At least 11 states have acted to limit the dispensing of chloroquine and hydroxychloroquine – prescription drugs that have been cited as providing protection against coronavirus (COVID-19) without adequate clinical evidence to support that claim. To protect consumers with or at risk of COVID-19 and to prevent stockpiling of these drugs, which treat malaria, rheumatoid arthritis, and lupus, at least 10 state pharmacy boards have issued rules and recommendations that limit the use of these drugs while assuring those with non-COVID-19-related illnesses can continue to receive their medicines.
These state actions were taken before the US Food and Drug Administration’s (FDA) emergency authorization allowing the limited use of chloroquine and hydroxychloroquine. FDA stipulated that the drugs “may only be used to treat adult and adolescent patients who weigh 50 kg or more and are hospitalized with COVID-19, for whom a clinical trial is not available, or participation is not feasible.” The FDA had earlier authorized drug manufacturers to donate these drugs to the Strategic National Stockpile for distribution to hospital for these targeted populations.
FDA’s authorization is limited and may be accommodated by state regulatory guidance. Other states are expected to – and may have already implemented – similar limits on dispensing or other guidance regulating the use of these drugs in the fast-moving world of protecting consumers and the supply of drugs during the COVID-19 pandemic
To date, seven states prohibit pharmacists from dispensing these drugs unless the prescription bears a written diagnosis consistent with evidence of its use.
- New York explicitly requires prescribing of these drugs for a Food and Drug Administration-approved indication or as part of an approved trial. North Carolina, New York, and Ohio also require a confirmed positive COVID-19 test result prior to dispensing the drugs for that experimental purpose.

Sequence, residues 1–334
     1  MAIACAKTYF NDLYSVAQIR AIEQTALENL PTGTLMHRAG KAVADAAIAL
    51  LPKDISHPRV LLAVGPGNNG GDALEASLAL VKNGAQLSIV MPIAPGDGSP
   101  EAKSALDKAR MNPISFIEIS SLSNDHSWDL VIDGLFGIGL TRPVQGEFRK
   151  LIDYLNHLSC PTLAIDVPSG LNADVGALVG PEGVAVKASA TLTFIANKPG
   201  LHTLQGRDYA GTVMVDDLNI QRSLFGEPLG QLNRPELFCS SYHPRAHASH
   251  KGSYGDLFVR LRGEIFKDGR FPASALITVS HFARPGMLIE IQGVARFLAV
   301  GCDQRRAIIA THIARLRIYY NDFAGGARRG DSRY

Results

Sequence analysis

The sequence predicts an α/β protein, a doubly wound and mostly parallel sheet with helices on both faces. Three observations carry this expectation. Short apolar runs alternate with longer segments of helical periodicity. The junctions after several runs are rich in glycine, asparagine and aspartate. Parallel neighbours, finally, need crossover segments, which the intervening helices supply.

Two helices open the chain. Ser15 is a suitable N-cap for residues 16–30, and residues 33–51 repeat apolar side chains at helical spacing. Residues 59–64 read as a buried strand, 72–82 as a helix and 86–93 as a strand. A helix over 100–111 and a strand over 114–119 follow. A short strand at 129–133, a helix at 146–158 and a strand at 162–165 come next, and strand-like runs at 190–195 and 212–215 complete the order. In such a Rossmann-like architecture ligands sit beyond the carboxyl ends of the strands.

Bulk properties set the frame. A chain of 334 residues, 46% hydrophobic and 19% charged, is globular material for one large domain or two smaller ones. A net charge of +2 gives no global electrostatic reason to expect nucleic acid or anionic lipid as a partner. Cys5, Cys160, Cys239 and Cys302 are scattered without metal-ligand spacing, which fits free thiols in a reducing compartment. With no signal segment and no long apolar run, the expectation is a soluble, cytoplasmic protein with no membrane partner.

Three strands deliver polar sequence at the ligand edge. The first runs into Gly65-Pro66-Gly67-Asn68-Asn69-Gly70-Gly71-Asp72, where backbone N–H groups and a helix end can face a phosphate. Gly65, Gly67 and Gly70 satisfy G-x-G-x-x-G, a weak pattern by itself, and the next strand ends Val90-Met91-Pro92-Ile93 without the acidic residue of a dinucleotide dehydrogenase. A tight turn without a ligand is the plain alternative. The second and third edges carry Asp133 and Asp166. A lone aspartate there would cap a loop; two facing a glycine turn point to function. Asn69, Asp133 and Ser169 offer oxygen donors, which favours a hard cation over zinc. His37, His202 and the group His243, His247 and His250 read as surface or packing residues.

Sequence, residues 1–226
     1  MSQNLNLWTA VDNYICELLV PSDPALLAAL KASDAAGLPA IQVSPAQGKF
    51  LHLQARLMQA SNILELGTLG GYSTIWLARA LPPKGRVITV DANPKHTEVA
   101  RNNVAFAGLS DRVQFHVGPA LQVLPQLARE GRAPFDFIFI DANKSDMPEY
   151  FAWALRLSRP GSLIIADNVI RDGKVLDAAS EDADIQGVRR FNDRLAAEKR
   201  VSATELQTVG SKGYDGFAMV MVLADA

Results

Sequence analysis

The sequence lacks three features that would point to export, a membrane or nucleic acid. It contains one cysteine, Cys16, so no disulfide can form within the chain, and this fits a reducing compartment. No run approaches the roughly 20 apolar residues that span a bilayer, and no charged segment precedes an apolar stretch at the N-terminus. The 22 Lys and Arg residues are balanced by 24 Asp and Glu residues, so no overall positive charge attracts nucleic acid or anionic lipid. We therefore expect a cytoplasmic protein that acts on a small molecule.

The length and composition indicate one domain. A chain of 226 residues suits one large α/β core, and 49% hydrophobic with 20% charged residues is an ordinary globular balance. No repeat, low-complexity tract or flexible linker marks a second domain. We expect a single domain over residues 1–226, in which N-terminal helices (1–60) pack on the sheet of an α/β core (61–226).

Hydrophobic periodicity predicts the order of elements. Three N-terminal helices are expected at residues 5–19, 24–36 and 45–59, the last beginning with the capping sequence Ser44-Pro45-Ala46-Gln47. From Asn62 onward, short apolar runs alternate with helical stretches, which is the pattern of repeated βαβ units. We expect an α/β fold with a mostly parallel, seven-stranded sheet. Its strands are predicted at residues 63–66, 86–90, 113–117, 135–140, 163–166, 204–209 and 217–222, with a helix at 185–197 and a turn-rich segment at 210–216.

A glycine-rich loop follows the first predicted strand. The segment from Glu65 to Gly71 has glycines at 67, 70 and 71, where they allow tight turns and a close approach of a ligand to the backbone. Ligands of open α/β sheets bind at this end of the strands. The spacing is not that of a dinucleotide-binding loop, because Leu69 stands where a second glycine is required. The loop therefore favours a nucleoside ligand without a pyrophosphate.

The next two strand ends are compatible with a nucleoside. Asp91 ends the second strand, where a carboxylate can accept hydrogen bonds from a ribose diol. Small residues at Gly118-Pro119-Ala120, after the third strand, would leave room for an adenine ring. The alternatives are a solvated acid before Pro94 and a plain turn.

- Most states limit supply to 14 days and limit or prohibit refills.
- New York and Ohio explicitly prohibit use of the drugs for experimental or prophylactic purposes.
- Texas and North Carolina include additional drugs in their new rules, all of which have been cited either by social media or by limited studies to hold promise for the treatment of COVID-19.
- Pharmacy boards in Louisiana, Kansas, and Missouri have issued recommendations that encourage pharmacists and prescribers to use due diligence and professional judgement when prescribing these drugs and to limit the quantities prescribed.
At least one state insurance department has issued guidance detailing the prescribing of chloroquine and hydroxychloroquine. Last week, the Massachusetts’ Insurance Commissioner released a bulletin to all health insurers with the stated expectation that carriers directly, or through their pharmacy benefit managers, establish prior authorization systems to prevent the hoarding of these drugs and avoid inappropriate prescribing.
The National Academy for State Health Policy will continue to track and provide updates about state actions.